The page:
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COVID correction an opportunity to hike exposure to specific sectors from a 3-year perspective: ICICI Prudential AMC

Senior Fund Manager, Prakash Gaurav Goel, gives his take on the mid-cap space and the path for revival in corporate earnings

April 27, 2021 / 02:31 PM IST

Mid and small-cap funds have done well over the past year, partly on account of a broader market recovery and partially due to expectations of an economic recovery. ICICI Prudential Mid-cap Fund has been one of the better schemes within the category. Prakash Gaurav Goel, who is the Senior Fund Manager at ICICI Prudential AMC, takes care of the mid-cap as well as the ICICI Prudential Focused Equity Fund. He took charge last year. He talks to Vatsala Kamat and explains the resurgence in mid-cap funds and why investors cannot afford to ignore this segment.

ICICI Prudential Midcap Fund gave 79 percent return over the past one year. But now, the second wave of COVID-19 is threatening to derail economic growth. Would you change courses in your funds?

Given the overall low growth seen over the last four to five years, we are in the midst of a recovery cycle in sectors such as metals and real estate. These sectors are supported by large spends in infrastructure to boost the economy, coupled with an accommodative monetary policy. This situation is similar to that of 2003-05.

Also read: Massive gains in small-cap mutual funds: Is it time to take some profits?

From here, corporate profitability is likely to improve. Meanwhile, I see a few trends panning out such as consolidation in sectors such as multiplexes, aviation and diagnostics, leading to efficient companies emerging stronger. Another trend could be lower credit cost for the financial sector, as and when the cycle turns for metals and real estate. As a result, over a period, tapering of non-performing assets (NPAs) will lead to better earnings.

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In this backdrop, while the last one year has been favourable for mid-caps, we still continue to see incremental opportunities. After the recent correction due to the second wave, many stocks across sectors are well-placed for an uptick. So, this correction is an opportunity to increase exposure to specific sectors from a three-year perspective.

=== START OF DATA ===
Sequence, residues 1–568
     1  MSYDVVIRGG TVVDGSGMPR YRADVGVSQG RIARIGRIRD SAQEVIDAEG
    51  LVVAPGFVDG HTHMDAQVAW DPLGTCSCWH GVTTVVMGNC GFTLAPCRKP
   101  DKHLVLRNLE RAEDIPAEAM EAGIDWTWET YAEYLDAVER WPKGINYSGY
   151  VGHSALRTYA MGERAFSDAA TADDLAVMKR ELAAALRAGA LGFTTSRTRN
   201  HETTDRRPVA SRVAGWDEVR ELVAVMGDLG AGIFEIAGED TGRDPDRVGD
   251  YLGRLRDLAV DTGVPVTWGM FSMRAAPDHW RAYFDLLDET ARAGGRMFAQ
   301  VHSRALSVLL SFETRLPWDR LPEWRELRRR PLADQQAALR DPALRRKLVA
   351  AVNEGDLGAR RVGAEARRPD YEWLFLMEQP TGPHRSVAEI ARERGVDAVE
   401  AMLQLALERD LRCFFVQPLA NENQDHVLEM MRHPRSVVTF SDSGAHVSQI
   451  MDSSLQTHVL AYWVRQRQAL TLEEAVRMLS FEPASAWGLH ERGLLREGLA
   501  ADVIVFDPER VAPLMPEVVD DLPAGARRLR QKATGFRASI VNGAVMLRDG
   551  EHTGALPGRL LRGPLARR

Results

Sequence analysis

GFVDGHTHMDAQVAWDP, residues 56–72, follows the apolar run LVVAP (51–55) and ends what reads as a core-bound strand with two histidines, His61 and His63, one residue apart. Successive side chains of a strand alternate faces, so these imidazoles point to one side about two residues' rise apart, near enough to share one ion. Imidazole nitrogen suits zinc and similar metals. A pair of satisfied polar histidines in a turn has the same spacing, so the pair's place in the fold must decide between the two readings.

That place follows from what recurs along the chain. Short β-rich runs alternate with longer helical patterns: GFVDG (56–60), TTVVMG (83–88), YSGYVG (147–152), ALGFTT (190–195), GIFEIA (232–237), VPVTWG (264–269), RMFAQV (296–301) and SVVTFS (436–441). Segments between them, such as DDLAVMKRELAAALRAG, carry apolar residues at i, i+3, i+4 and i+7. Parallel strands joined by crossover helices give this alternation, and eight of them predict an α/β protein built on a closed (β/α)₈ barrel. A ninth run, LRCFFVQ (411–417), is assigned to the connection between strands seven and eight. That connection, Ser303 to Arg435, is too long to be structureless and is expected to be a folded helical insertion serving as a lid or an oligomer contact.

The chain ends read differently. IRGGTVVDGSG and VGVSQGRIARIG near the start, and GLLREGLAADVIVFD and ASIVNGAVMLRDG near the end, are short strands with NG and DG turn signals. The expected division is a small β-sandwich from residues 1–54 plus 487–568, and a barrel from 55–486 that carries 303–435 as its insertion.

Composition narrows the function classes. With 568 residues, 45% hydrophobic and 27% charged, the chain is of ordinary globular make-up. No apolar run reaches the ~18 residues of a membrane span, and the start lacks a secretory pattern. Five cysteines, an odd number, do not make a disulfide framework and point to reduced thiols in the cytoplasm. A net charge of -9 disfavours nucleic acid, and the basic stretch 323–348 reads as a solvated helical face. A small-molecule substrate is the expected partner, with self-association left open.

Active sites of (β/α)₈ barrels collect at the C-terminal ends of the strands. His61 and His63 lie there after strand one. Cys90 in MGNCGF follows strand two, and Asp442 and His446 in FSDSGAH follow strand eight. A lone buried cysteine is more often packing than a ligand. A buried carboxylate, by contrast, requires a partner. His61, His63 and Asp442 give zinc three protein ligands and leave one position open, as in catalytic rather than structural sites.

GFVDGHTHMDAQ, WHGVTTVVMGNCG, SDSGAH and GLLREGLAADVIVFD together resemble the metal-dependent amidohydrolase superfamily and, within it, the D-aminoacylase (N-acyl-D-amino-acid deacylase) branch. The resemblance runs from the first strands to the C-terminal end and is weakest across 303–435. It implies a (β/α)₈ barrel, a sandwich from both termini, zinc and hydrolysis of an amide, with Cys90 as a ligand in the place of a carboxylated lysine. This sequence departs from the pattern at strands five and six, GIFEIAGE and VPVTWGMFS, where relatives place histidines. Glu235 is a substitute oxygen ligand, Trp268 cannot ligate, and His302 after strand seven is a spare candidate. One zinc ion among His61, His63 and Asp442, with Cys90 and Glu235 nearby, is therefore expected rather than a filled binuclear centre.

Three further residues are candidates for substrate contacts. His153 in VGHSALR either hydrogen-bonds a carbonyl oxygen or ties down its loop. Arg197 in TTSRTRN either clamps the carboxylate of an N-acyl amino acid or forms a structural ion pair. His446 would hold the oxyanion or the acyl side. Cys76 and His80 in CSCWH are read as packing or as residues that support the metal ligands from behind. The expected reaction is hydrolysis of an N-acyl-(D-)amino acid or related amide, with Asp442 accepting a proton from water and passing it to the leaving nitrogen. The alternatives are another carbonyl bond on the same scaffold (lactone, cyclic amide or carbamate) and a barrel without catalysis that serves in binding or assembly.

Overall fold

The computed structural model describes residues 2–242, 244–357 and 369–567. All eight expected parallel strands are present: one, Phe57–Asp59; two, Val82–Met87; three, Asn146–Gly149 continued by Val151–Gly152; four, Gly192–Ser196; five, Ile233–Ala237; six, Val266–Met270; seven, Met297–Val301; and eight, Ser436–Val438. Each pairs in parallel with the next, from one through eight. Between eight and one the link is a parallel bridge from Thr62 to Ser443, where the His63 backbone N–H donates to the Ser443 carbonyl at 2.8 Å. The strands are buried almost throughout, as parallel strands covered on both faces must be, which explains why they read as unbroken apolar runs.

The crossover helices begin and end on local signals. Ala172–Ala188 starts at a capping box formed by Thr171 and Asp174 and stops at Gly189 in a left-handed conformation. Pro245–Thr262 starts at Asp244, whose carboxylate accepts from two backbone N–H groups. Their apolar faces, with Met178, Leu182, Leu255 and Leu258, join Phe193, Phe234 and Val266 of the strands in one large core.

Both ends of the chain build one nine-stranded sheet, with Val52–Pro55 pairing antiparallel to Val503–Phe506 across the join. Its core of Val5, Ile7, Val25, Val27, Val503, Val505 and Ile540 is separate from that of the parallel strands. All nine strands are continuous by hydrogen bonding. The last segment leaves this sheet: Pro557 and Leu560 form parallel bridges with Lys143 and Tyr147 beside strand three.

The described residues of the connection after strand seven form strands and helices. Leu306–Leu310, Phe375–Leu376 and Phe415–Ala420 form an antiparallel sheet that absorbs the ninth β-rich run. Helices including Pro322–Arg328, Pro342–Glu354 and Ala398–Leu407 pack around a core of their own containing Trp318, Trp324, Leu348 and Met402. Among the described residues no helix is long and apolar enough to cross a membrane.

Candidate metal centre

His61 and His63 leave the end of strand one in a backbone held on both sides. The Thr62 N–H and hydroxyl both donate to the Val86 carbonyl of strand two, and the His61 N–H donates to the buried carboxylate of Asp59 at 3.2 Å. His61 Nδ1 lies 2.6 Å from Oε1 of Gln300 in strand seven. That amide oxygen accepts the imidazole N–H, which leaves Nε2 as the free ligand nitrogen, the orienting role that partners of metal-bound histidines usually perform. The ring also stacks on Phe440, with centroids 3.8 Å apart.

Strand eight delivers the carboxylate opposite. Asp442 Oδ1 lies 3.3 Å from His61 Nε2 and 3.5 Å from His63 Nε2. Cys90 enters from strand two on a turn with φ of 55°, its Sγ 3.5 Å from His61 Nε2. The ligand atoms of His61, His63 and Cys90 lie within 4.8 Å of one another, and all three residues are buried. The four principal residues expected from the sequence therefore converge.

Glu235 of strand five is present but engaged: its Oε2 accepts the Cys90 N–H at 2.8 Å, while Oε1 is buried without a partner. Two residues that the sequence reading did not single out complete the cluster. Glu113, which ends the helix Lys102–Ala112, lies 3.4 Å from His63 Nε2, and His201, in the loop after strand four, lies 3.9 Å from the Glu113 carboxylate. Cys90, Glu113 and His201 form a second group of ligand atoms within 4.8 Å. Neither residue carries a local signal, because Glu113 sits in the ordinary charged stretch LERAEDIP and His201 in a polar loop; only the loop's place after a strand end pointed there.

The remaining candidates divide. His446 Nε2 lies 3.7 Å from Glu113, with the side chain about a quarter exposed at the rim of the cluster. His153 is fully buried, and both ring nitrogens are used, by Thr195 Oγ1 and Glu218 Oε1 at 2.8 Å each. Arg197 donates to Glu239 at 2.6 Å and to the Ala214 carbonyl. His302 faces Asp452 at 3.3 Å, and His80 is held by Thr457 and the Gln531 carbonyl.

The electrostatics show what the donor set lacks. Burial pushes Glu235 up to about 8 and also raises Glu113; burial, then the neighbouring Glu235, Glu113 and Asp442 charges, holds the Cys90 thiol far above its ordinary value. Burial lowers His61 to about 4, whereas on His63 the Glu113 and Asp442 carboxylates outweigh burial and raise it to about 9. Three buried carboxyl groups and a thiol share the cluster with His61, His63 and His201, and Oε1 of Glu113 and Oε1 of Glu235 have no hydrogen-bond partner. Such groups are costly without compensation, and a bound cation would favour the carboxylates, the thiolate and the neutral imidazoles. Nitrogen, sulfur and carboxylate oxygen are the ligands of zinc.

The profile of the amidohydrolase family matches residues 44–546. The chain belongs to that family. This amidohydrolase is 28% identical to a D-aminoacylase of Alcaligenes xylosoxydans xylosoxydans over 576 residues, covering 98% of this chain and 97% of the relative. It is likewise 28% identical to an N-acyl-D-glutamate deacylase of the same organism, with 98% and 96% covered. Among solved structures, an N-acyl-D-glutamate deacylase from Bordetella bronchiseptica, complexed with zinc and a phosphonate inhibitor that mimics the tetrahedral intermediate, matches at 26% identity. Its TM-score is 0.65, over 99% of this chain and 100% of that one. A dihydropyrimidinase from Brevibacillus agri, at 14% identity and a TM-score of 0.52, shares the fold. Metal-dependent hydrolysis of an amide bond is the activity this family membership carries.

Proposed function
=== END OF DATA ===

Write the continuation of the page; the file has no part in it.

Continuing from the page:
You appear optimistic about the equity markets

Over the next couple of quarters, volatility is likely to persist. But, compared to last year, this time around, we have a vaccine in sight. There has been significant improvement in countries such as the UK and US, where vaccination has been widespread, indicating that India too will soon follow suit. The moment we have a glide path visible, the sentiment in Indian markets is likely to improve.

What leads you to book profits in your mutual funds?

We focus on risk-adjusted return. If the stock has done well, we evaluate the potential for incremental return over the next three years. Bottom-up analysis will help determine whether to sell or to adjust the stock weightages. That apart, we also evaluate the sector.

For example, at this juncture, hotels are under pressure, but hospitals are benefitting, given prevailing pandemic and this is reflected in their respective stock prices. I believe this trend will reverse and hotels as a space will do well eventually and would lead to good reversal in stock prices.

Being mindful of these trends and opportunities is the key to booking profits or switching between stocks.

You took over managing the Mid-cap fund a little over a year ago. ICICI Prudential Focussed Equity Fund has nearly doubled its mid-cap holdings. Any other changes that you’ve made in the two schemes?

In ICICI Prudential Focused Equity Fund, the changes were few. To benefit from an economic recovery, we increased allocation to financials over the last three months.

In ICICI Prudential Midcap Fund, till a year back, the fund’s portfolio had significant exposure to public sector units (PSUs), travel and tourism stocks, to name a few. Also, the weightage assigned to chemicals and pharmaceuticals was low. We shuffled the portfolio and increased weightages in some high-quality companies and some others, where we saw promise from a medium-term perspective.

In the current markets, isn’t it challenging to manage a concentrated fund and deliver alpha, when there is limited ability to diversify the portfolio and risk?

Sometimes, market movements are fairly narrow where some stocks are over-rewarded and others are ignored. Here’s where a fund manager can generate returns far higher than the benchmark. A lot also depends on how well we assess the incremental return over a three-year or five-year period.

Having just 30 stocks (the maximum a focused fund can hold, as per SEBI rules) forces us to ignore certain stocks, even though they might be index heavyweights. When our research calls play out, that’s when we outperform the benchmark indices by a large margin.

Must an investor own a mid-cap fund? Is the risk worth the while?

Some companies or industries can only be found in the mid-cap segment. For instance, many industry leaders in businesses like air-conditioners, diagnostics or hotels, are mid-sized companies. Many of these companies have a large scope to increase their market share; their growth potential is tremendous. We must not be stuck with just one type of market capitalization.

Over last decade, about 34 mid and small-cap companies have become large-caps. While there is better liquidity in large caps, multi-baggers are generally from midcaps, provided the stock selection is right and investors have patience.
Vatsala Kamat is a freelancer. Views are personal.
first published: Apr 27, 2021 02:24 pm

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